Hispanic Heritage Month Spotlight: Maria Manriquez, MD
The University of Arizona College of Medicine – Phoenix is proud to highlight a few of our Hispanic students and faculty during Hispanic Heritage Month (Sept. 15th – Oct. 15th).
In recognition of Hispanic Heritage Month, Maria Manriquez, MD, director of the Pipeline Admissions Program at the University of Arizona College of Medicine – Phoenix, participated in a roundtable discussion with Vice President Mike Pence and a panel of community leaders to share challenges of COVID-19 and address key issues impacting the Latino community.
The event, which took place at Grand Canyon University on Friday, Sept. 18, was hosted by the Libre Initiative.
Dr. Manriquez, who is also the director of the Undergraduate Medical Education Pain and Addiction Curriculum at the UArizona College of Medicine – Phoenix and a professor in the Department of Obstetrics and Gynecology, shared her experiences as an obstetrician gynecologist caring for pregnant and parenting women with a substance use disorder. She discussed her background, being raised in Kearny, Arizona, a rural copper mining town, and the challenges people in rural towns face today with accessing health care and the value of telemedicine.
In honor of Hispanic Heritage Month and to highlight this accomplishment, Dr. Manriquez answered a few questions about her background and discussed this event.
What does it mean to you to be able to represent the medical community in this discussion?
I was honored to be considered by the state director of Americans for Prosperity Arizona and Daniel Garza, the president of LIBRE Initiative. I thought it would be a wonderful opportunity to directly communicate to the Vice President of the United States how valuable telemedicine is and should continue to be after the pandemic.
What do you hope the community takes away from this discussion?
I hope that communities and health systems see the true value of telehealth and how much it can improve the quality of care. Additionally, that the diversity in our physician force also improves care and patient satisfaction.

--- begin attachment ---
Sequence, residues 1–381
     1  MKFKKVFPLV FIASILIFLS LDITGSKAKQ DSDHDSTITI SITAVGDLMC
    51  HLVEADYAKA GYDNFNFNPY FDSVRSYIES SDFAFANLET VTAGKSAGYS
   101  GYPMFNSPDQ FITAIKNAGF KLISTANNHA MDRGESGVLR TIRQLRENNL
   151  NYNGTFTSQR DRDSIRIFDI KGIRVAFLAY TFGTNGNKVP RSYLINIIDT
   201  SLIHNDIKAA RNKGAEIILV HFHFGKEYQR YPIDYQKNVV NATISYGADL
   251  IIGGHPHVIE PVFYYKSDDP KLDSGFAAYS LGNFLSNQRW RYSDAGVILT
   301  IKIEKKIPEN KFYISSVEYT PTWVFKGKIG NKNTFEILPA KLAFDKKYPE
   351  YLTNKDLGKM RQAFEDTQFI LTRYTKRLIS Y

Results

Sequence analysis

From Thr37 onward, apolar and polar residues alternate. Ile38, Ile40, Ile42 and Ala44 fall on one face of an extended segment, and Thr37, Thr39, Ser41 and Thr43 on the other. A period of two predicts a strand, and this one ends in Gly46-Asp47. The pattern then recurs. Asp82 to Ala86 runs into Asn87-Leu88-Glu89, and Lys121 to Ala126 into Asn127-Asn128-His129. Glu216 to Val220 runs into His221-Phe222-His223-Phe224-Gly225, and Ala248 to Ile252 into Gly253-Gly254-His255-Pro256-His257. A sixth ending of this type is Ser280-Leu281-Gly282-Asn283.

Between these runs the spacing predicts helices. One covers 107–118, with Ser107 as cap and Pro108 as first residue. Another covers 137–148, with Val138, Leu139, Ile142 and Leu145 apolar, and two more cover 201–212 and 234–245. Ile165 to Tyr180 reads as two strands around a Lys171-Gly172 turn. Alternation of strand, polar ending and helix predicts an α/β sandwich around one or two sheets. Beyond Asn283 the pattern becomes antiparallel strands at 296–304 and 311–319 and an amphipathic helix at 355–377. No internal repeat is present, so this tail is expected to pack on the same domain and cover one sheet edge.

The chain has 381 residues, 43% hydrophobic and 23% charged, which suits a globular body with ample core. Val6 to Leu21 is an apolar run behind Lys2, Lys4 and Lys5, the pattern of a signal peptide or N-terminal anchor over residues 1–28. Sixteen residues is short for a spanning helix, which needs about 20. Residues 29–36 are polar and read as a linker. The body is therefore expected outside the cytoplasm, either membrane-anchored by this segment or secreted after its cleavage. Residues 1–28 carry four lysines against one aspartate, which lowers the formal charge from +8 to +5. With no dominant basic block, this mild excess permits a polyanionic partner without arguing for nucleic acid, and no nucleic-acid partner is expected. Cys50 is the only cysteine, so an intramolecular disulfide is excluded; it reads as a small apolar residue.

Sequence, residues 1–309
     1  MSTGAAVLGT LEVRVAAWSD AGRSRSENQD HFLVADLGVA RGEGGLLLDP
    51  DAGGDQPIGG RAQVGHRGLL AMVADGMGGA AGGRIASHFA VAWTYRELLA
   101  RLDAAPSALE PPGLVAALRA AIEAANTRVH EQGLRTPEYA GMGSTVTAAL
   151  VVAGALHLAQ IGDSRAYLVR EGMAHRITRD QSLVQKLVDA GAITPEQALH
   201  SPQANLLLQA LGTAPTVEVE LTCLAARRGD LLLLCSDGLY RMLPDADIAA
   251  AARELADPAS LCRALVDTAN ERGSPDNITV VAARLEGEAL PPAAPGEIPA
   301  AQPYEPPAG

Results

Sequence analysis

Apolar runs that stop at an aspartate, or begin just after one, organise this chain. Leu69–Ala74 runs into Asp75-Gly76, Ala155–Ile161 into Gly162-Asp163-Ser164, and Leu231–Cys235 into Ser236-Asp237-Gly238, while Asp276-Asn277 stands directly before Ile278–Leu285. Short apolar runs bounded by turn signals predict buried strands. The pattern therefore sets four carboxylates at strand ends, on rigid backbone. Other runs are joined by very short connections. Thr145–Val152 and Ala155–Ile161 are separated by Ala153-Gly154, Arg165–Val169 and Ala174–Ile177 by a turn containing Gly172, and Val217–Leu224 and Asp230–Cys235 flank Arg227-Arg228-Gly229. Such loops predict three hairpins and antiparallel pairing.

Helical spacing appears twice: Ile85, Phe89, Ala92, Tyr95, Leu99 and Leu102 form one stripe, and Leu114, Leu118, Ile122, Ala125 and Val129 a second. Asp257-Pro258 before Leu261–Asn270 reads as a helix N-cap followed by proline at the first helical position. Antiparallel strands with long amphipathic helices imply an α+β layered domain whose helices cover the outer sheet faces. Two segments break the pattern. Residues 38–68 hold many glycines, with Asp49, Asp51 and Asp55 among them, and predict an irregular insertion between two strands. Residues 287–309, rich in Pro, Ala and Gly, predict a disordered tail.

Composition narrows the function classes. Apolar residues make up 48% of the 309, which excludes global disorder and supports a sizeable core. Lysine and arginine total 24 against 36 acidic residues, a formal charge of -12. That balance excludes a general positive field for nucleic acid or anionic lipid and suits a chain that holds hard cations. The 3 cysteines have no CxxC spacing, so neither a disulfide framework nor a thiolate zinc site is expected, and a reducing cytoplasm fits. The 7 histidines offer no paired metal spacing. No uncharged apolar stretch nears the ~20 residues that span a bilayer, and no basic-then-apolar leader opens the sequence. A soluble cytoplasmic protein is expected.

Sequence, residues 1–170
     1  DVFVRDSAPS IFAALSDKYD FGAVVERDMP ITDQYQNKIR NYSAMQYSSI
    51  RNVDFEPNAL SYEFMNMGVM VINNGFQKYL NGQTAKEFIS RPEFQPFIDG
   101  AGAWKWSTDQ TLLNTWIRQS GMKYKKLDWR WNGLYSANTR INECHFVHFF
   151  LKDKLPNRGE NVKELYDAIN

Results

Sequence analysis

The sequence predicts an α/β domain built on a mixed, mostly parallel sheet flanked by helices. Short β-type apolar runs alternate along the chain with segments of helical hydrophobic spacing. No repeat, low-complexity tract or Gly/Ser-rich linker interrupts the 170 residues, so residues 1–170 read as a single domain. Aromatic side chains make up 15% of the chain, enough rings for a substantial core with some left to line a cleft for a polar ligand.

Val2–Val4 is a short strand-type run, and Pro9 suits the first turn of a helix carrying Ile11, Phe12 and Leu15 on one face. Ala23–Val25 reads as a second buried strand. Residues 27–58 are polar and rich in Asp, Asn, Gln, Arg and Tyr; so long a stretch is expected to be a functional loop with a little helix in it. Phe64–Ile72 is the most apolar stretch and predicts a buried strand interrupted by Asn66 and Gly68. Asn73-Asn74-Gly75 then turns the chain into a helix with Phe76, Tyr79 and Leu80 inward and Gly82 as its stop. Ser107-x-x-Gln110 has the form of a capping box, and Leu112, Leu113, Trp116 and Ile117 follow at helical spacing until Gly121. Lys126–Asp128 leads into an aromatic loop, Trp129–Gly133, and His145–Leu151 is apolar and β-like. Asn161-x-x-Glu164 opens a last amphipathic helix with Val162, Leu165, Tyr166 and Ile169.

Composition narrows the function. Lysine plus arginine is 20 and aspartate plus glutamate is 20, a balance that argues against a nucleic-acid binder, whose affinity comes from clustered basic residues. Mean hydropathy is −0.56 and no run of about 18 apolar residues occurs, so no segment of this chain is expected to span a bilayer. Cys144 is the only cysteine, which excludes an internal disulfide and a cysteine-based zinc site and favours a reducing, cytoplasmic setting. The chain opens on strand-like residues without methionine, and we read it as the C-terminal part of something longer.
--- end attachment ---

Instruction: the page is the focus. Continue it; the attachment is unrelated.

What does Hispanic Heritage Month mean to you?
I am a proud 2nd generation Mexican American. I was blessed with strong family love and commitment to one another. The Hispanic people have brought so much to America: labor, amazing food and music. It reminds us of where we came from, whether from Mexico, Panama, Ecuador, Peru, Chile, Puerto Rico or one of many other Spanish speaking countries, we share many values and the desire to succeed. There is pride and camaraderie.
Describe your background and path towards medicine.
My path was unconventional, which likely came from the traditions that women had occupations associated with traditional female roles. It quite honestly never occurred to me to be a physician as a child or early in my college education. I wanted to be in health care and my grandmother was a nurse, so that seemed obvious. It was later, after I was an RN, that I realized I wanted to contribute to health in a different manner that included actively directing care for patients, advocating for them and researching for better solutions.
As a physician, leader and educator, how does your background influence your practice?
I have witnessed poverty, substance use disorder and domestic violence first hand, sometimes secondary to a lack of resources, but too often because of a lack of hope. I actively offer empathy, affirmation and hope to my patients. I love to champion those individuals who need a boost and I incorporate faith into my practice. I pray regularly for my patients and I am sure my Hispanic background has a play in that.
What words of encouragement do you have for Hispanic children interested in STEM?
You can do it. Find a mentor, don’t suffer in silence. We are a big community and our nature is to work hard, so work hard at achieving your dreams. Don’t be afraid to dream even if those close to you fear you can or will fail. We all fail, we just have to get back up and try again.
About the College
Founded in 2007, the University of Arizona College of Medicine – Phoenix inspires and trains exemplary physicians, scientists and leaders to optimize health and health care in Arizona and beyond. By cultivating collaborative research locally and globally, the college accelerates discovery in a number of critical areas — including cancer, stroke, traumatic brain injury and cardiovascular disease. Championed as a student-centric campus, the college has graduated 593 physicians, all of whom received exceptional training from nine clinical partners and more than 2,400 diverse faculty members. As the anchor to the Phoenix Biomedical Campus, which is projected to have an economic impact of $3.1 billion by 2025, the college prides itself on engaging with the community, fostering education, inclusion, access and advocacy.